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The USA’s removal of Uganda, Niger, Gabon and the Central Africa Republic from the AGOA has only a limited impact

The USA’s removal of Uganda, Niger, Gabon and the Central Africa Republic from the AGOA has only a limited impact

CREDENDO | 16th January 2024

By Jonathan Schotte


In 2000, the US Congress enacted the African Growth and Opportunity Act (AGOA). This trade preference programme aims to promote economic growth and development in sub-Saharan Africa.
It provides duty-free access to the US market for products from eligible sub-Saharan African countries, impacting approximately 6,800 tariff lines in the US tariff schedule.

In order to be eligible for AGOA, a beneficiary country must demonstrate respect for rule of law, human rights and core labour standards. Beneficiary countries also should not seek to undermine US foreign policy interests. Modifications to the list of eligible countries show that the USA takes these criteria seriously: in just the last two years, Ethiopia, Guinea, Mali and Burkina Faso have had their AGOA beneficiary status revoked.

On 31 October 2023, the latest changes to the list were announced: Uganda, Niger, Gabon and the Central African Republic were going to be removed from, and Mauritania restored to the list of beneficiaries. Both the removals and the reinstatement became effective on 1 January 2024.

In his letter motivating the most recent removals, President Biden called out the Central African Republic’s government for “gross violations of internationally recognised human rights”, and stated that Niger and Gabon “have not established, or are not making continual progress toward establishing, the protection of political pluralism and the rule of law”. The letter also noted that “the Government of Uganda has engaged in gross violations of internationally recognised human rights”. These last points likely refer to the recent coups that have taken place in Niger and Gabon, and the controversial anti-LGBTQ legislation that has been passed in Uganda.

Referring to Mauritania’s reinstatement, the Office of the United States Trade Representative stated that the country made “substantial and measurable progress on worker rights and eliminating forced labour”.

The current AGOA is set to expire in September 2025. In January 2024, the USA reached a preliminary agreement with African nations to extend its validity by a decade. The extension still needs to be approved by the US Congress, but will already help reassure investors worried about continuity.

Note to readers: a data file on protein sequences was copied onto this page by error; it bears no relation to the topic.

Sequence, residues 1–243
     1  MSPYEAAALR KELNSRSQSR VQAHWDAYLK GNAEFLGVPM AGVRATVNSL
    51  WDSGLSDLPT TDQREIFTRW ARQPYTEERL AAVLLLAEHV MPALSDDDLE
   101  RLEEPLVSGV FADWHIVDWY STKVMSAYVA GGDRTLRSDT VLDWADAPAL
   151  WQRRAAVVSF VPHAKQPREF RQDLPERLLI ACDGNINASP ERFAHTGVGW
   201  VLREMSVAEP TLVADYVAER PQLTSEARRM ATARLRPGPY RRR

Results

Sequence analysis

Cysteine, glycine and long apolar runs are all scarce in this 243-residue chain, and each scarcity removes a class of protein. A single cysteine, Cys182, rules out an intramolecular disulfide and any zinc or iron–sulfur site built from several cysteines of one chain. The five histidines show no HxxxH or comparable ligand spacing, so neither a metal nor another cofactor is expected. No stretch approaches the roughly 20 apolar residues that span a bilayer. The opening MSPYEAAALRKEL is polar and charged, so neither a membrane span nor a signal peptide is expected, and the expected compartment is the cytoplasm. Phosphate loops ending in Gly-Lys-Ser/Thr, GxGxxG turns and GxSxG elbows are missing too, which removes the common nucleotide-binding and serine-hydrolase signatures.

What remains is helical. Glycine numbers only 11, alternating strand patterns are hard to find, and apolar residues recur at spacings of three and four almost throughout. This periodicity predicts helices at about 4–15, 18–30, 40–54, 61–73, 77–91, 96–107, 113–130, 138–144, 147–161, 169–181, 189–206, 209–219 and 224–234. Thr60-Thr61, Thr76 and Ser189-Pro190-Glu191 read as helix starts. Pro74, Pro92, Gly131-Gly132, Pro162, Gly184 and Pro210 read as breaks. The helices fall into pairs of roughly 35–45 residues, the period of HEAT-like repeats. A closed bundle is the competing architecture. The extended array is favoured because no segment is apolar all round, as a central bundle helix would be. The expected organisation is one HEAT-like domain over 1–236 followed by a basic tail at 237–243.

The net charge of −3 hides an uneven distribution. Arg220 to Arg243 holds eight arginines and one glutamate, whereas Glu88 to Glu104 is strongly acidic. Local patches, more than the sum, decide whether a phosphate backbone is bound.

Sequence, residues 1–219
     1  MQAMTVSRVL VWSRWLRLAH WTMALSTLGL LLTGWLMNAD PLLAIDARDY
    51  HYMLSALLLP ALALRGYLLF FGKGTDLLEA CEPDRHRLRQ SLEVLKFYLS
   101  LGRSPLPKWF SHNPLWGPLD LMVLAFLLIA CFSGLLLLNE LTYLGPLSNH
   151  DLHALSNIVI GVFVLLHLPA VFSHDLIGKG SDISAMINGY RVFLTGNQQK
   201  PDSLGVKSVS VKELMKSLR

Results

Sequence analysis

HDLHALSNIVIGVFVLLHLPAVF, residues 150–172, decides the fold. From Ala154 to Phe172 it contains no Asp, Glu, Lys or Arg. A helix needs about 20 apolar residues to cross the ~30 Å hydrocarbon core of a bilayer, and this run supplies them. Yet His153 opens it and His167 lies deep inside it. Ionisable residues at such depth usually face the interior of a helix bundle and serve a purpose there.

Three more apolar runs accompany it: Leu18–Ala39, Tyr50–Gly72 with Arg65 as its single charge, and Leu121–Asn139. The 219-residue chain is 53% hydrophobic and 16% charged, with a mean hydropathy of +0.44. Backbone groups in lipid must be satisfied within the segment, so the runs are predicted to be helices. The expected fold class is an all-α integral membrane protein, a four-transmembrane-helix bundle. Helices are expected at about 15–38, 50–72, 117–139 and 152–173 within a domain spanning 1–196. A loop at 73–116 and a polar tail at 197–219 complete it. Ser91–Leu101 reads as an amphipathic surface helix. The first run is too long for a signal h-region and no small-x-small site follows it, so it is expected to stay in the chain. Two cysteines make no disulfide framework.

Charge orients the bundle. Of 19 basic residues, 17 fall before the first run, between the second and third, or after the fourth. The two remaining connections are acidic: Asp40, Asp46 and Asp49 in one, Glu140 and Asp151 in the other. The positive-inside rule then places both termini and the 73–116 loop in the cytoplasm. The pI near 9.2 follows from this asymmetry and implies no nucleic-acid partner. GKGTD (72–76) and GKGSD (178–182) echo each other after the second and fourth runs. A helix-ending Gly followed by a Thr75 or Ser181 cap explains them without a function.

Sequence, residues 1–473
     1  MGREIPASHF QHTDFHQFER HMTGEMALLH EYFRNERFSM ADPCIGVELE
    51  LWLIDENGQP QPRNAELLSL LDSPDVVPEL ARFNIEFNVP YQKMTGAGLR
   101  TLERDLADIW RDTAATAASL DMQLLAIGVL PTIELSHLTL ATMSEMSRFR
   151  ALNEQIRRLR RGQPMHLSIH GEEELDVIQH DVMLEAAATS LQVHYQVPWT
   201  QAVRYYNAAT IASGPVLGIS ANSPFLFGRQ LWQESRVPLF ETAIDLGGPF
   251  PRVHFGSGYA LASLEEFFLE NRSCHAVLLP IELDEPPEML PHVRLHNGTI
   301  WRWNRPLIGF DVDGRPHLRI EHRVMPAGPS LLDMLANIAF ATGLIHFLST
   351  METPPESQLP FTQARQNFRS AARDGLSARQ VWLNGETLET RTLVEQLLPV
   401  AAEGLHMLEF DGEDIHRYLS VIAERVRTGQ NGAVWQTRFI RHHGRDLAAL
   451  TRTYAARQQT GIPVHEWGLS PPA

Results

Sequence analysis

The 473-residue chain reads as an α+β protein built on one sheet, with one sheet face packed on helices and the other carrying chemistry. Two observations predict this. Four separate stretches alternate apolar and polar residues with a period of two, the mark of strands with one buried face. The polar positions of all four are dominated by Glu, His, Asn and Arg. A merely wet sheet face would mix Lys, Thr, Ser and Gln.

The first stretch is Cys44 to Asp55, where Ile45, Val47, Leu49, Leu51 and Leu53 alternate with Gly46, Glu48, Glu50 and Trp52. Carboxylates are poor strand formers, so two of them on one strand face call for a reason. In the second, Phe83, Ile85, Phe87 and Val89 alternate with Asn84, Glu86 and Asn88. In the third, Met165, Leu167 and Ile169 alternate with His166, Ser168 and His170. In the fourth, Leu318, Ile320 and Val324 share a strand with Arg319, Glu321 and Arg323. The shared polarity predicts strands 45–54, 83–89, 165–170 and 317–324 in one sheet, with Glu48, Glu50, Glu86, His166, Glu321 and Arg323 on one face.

It is not clear how effective the AGOA has been. Exports from sub-Saharan Africa to the USA have increased from a low level (see graph below), but remain tiny when compared to overall US imports of goods and services that currently amount to around USD 500 billion per quarter.

The sector where AGOA has probably had the most impact is the textiles sector. Apparel exports under AGOA preferences today account for virtually all US-bound apparel exports from AGOA beneficiaries. Leading exporters utilising these trade preferences include Lesotho, Kenya and Mauritius. However, the value of these exports peaked in 2004, as competition from Asian manufacturers increased when apparel quotas under WTO regulations expired at the end of that year.

AGOA has also been criticised for its limited scope and effectiveness in achieving its stated goals. The act only applies to a limited number of products and does not address some of the key challenges, such as corruption and poor infrastructure, sub-Saharan economies are facing.

Because of this limited effectiveness, it is not clear how exactly the removal of beneficiary status will impact the concerned countries. The impact will certainly be negative, since a removal of the beneficiary status represents a loss of export markets, and likely also a reduction in foreign direct investment (FDI), as investors are discouraged from investing in these countries. However, because of the low overall impact of AGOA on these economies, the effect of the suspensions on economic growth, the current account balance or FDI is not expected to have an impact that is large enough to require an adjustment to Credendo’s ratings.

 source: CREDENDO